Academics and heritage professionals working with medieval collections are increasingly encouraged to disseminate their research to public audiences through blogging and social media, but many are new to writing inclusively to engage with non-specialist readers. The following guidelines provide helpful advice on writing blogs, using more accessible language, describing medieval objects, finding images to include in posts, and tips for using Twitter and Instagram.
Writing and Tone
While articles are lengthy pieces aimed towards academic readers, blogs are intended for broad audiences and are ideally 500-750 words in length. Be concise in your writing, explaining what the material is that you are discussing, why it is important to you, and what makes your topic relevant to current readers. Hook the reader by presenting your message in the opening paragraph rather than summing up in your conclusion. If you are writing on behalf of your institution, check whether they provide writing guidelines for you to follow. Your tone of voice should be a balance between your academic authority as an expert on the material and light-heartedness to reflect the joy the object brings to you and your readers.
Accessibility does not mean dumbing down! Instead, you are providing contextual information for non-specialists of your topic. For example, manuscript classmarks are only meaningful to a small number of researchers, so refer to works by their title or form in the body of the post with the classmark in brackets: This illuminated Bible (CCA-DCc-AddMs/392) was produced in Paris. Explain specialist terms when first used, such as Psalter (the book of the Psalms). Take a look at the glossary of the British Library’s Medieval England and France website for further terms relating to medieval art and culture. Similarly, provide epithets and known dates for historical figures when first mentioned, for example: St Thomas Becket, the archbishop of Canterbury (r. 1162-1170). When referring to a medieval centre that is not a well-known location such as London or Paris, include a reference to the centre’s modern location: Echternach, in modern-day Luxemburg. Finally, language is a barrier in medieval studies, so it is important to include English translations of Latin titles of works and quotations. These small additions to your post will allow much wider audiences to access and enjoy your research.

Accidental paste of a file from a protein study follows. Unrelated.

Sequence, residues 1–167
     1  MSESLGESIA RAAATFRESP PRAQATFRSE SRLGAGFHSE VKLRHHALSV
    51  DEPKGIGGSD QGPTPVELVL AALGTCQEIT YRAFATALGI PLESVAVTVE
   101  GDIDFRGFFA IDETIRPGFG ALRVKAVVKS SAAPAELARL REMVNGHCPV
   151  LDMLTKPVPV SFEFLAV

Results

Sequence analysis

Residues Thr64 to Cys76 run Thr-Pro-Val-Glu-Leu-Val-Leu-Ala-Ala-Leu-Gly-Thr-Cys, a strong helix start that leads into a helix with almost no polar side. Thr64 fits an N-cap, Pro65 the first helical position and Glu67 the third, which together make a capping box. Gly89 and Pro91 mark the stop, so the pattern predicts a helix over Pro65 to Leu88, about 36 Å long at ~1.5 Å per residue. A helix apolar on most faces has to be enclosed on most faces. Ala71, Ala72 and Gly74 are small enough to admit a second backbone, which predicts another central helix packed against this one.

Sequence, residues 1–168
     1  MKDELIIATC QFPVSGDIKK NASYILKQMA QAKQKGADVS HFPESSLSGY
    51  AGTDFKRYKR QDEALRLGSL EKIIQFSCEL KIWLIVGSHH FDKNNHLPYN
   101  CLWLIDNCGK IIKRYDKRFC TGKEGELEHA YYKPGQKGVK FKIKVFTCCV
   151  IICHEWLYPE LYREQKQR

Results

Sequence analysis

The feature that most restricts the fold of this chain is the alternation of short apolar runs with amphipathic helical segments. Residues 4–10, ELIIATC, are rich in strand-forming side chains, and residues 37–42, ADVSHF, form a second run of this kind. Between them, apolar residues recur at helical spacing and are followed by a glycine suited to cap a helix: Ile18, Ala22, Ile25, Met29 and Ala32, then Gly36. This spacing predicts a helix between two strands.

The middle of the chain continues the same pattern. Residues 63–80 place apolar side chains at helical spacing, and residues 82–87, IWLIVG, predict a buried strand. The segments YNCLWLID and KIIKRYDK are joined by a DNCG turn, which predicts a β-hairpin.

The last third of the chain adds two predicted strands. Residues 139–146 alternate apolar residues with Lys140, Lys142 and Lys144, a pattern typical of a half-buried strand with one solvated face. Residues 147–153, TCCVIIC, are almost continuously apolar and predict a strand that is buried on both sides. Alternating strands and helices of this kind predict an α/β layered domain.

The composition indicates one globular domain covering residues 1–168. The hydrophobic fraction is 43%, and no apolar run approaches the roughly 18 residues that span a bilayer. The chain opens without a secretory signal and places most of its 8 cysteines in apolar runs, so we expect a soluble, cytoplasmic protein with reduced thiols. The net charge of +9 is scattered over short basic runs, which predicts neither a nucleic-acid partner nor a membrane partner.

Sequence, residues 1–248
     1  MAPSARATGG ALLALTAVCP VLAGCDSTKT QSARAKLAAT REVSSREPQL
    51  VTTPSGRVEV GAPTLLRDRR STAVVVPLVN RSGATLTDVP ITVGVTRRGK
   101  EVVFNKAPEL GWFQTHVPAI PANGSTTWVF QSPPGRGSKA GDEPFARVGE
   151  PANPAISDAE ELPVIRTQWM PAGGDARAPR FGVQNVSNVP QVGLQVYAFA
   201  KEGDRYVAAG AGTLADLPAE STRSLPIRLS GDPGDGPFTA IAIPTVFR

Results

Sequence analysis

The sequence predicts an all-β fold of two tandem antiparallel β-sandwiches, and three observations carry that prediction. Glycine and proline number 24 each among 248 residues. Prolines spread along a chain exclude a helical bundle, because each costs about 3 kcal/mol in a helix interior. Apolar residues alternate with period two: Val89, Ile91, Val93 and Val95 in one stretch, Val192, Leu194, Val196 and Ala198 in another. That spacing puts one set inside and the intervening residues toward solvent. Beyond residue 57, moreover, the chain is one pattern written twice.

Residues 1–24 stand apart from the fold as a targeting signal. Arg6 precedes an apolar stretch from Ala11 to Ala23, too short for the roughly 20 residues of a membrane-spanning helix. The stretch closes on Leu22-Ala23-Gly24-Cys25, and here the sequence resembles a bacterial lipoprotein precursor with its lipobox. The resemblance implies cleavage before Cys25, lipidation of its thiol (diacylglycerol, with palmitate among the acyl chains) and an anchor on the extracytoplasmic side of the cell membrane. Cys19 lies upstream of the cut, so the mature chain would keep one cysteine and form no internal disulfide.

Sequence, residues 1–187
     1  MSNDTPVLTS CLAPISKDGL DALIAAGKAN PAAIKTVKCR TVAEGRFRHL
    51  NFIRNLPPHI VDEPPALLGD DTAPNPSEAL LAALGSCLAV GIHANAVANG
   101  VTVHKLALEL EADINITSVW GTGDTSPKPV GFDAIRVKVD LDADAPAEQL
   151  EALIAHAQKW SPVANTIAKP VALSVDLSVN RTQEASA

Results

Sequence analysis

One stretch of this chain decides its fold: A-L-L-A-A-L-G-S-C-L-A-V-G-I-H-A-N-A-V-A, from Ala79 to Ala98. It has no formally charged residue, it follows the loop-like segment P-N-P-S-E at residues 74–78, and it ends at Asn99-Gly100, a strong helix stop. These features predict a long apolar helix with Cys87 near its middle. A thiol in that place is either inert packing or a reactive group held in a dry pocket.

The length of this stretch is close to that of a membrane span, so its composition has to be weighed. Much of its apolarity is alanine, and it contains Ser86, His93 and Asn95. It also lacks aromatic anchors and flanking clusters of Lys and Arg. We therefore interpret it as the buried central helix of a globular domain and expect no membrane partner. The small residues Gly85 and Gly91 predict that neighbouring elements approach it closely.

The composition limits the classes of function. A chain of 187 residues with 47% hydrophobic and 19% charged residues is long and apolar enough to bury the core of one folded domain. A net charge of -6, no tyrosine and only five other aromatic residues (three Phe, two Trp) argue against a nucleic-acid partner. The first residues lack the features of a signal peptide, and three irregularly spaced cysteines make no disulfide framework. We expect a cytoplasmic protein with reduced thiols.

The public does not know how to ‘read’ medieval art, so you must be clear in your written descriptions of the images you discuss. Explain what the image depicts as well as if the work is shown in full or a detail of a larger programme. Be mindful that many medieval works used as sources of historical research continue to function as sacred objects, including Bibles, relics, and other religious items. Your tone should be mindful of the image’s present status to faith audiences. Do not attempt to interpret articles of faith like the Holy Trinity or the Crucifixion, as doctrine of the medieval Church is not accepted across all Christian faiths today. However, provide summaries of common medieval scenes that public readers may be encountering for the first time, for example: The Evangelist St Mark with his symbol of a lion. The British Library’s Discovering Sacred Texts website provides expert guidance on the teaching and description of faith texts and their imagery from Buddhism, Christianity, Hinduism, Islam, Judaism, Sikhism and the Baha’i Faith, Jainism and Zoroastrianism.
Before you include an image in your blog post, ensure you have the permission of the item’s holding institution to use it as reproductions come under copyright law. Most museums and libraries outline how images can be used online their website, but if in doubt get in touch by email to find out their policy. Caption the image with the item’s location and holding institution. For manuscripts, include the library classmark and folio number, as below. Also state the permission or credit line provided by the institution. This applies also to images available to download through digitisation projects.
Twitter and Instagram
Social media is used to promote museum and library collections, highlight upcoming events and exhibitions, drive traffic to project websites, and engage with researchers and the interested public in online communities. You can use social media to attract readers to your blog by sharing several tweets or posts over time with fun facts and images from the blog. Your post or Instagram bio should contain a website link to enable access for readers. Medieval manuscripts are not memes, include the classmark and folio number of the image shared to promote good practice online! Use any relevant hashtags, such as #MedievalTwitter, #nuntastic, #InternationalCatDay- follow the Twitter accounts of the British Library’s medieval curators @BLMedieval and the Bodleian Digital Library @BDLSS for great hashtag ideas. Most importantly, tag in the museum or library you are sharing from! Institutions can share your post on their social media feeds and staff love to see how researchers engage with the collections.
About the Author
Dr Alison Ray has worked since 2018 as Assistant Archivist at Canterbury Cathedral Archives and Library, having previously worked at the British Library as Digitisation and Web Curatorial Officer with The Polonsky Foundation England and France, 700-1200 digitisation project. Follow Dr Ray on Twitter.